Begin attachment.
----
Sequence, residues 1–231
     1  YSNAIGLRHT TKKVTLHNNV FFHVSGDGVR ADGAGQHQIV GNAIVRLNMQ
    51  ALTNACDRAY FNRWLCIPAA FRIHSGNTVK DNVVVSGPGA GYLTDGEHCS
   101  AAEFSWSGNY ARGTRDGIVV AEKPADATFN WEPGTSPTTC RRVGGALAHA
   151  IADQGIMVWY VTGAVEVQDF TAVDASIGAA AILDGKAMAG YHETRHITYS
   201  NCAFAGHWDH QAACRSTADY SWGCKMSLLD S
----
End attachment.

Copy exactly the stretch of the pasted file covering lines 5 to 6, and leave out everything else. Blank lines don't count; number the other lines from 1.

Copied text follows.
   151  IADQGIMVWY VTGAVEVQDF TAVDASIGAA AILDGKAMAG YHETRHITYS
   201  NCAFAGHWDH QAACRSTADY SWGCKMSLLD S